A ‘goldilocks’ economy for 2018
Winston Peters is worried about a global economic slump next year, but NZ Super Fund CEO Adrian Orr thinks that's "bollocks". And he has $36 billion in our money riding on that view. Bernard Hickey reports.
Some observers of the global economy and financial markets, including Winston Peters, are very worried about a looming economic slowdown and some sort of financial crisis next year. After all, New Zealand has had a recession in every year ending with eight since 1968. (See chart below)
But Adrian Orr, the former Reserve Bank Deputy Governor and now CEO of the $36b New Zealand Superannuation Fund is far from convinced. He rubbished the idea of a slowdown in a speech to business leaders in Wellington last night, pointing to firming economic growth in both the developed and developing economies.
"Bollocks," he said when asked of his view of Peters' prediction of a looming global slowdown.
He described the global economy as in a "Goldilocks zone" of strengthening economic growth with low inflation and low interest rates.
"We are in a very, very positive situation," he said, pointing to real per capita GDP growth of 2.5 percent in Japan, for example.
He said global stock markets were neither wildly over-valued or under-valued, with Europe and Japan about 10-15 percent under-valued relative to long term valuations, while the United States was around 5-10 percent over-valued.
"Should there be a large downturn in 2018 that would be fantastic," Orr said of the likely effects on asset prices, given the NZ Super Fund was a long term investor keen to buy assets during downturns in the knowledge they would bounce back over the long run.
Ageing populations, urbanisation and climate change
In his speech, Orr talked extensively about the long term effects of demographic change (with ageing populations in the developed world and the urbanisation of younger emerging markets) and the effects of climate change. The one caveat was China, which "got old before they got rich."
He said the NZ Super Fund had reduced its carbon emissions exposure by 20 percent and aimed to further reduce its exposure to carbon reserves from the 20 percent reduction already achieved to 40 percent.
He said politicians and voters in some countries were in denial about climate change.
"It's the tragedy of the horizons."
But regulators and consumers were already reacting, and climate change itself was already having dramatic effects on economies. Orr said investors and companies should move to get ahead of the likely impacts.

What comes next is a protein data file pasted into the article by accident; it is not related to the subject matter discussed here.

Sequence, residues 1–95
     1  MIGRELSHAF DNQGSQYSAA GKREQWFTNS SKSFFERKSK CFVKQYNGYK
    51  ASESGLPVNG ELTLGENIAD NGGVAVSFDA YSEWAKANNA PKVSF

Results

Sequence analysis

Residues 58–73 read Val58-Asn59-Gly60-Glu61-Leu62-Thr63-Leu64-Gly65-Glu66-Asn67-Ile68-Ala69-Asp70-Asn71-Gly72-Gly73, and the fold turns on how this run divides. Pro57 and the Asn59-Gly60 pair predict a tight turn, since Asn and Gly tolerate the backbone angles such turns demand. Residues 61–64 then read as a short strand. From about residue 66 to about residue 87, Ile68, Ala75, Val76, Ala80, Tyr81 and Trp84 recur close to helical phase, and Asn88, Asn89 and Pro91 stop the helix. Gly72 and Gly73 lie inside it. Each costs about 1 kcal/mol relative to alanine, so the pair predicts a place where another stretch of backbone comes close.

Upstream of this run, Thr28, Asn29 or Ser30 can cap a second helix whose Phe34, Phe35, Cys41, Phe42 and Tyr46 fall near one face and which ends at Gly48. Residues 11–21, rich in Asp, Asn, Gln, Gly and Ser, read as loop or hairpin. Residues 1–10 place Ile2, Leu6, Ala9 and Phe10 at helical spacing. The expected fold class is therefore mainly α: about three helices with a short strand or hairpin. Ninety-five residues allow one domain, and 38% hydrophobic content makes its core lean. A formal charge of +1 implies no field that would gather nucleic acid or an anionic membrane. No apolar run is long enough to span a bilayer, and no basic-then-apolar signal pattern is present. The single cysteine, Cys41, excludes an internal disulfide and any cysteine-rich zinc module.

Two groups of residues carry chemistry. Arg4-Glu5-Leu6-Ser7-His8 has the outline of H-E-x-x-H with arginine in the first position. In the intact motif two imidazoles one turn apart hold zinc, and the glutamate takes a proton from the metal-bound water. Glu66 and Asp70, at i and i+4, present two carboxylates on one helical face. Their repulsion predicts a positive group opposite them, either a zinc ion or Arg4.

"It's on its way. You don't have to buy into the science. You just need to understand that the regulatory response and the consumer response is here already."
Matching a wall of capital with infrastructure shortages
Elsewhere, Orr said one of the biggest challenge for investors and Governments was connecting up a wall of capital with the huge need for infrastructure investment as the emerging world urbanised and the developed world dealt with ageing and climate change.
Orr called on New Zealanders to retain their outwardly focused nature, but to be more disciplined
He said the world's most powerful governments and politicians were mayors and councils who were able to green light or block infrastructure developments in cities, which was proving the biggest obstacle to matching the wall of capital waiting to be invested with the infrastructure projects.
"The two just can't seem to plug and play," he said.
'Thank God for all the cash'
Orr also downplayed the risks around central banks having to withdraw stimulus from the global economy as the recovery took hold.
"The world is awash with liquidity and thank God for that. That's what central banks are supposed to do and it has worked," he said.
He expected central banks would be able to carefully and slowly withdraw.
Orr's final parting shot for the Peters view of the world came in answer to a question about whether he was concerned about the risks of a nuclear conflagration in North Asia caused by Donald Trump.
"We might be able to solve two of those things because Winston is going to North Korea..." he said, referring to speculation Peters might be called on to act as independent intermediary in talks between America and North Korea.
Here's the prepared remarks for the speech, but Orr went well (and entertainingly) off piste in the speech itself.
Newsroom is powered by the generosity of readers like you, who support our mission to produce fearless, independent and provocative journalism.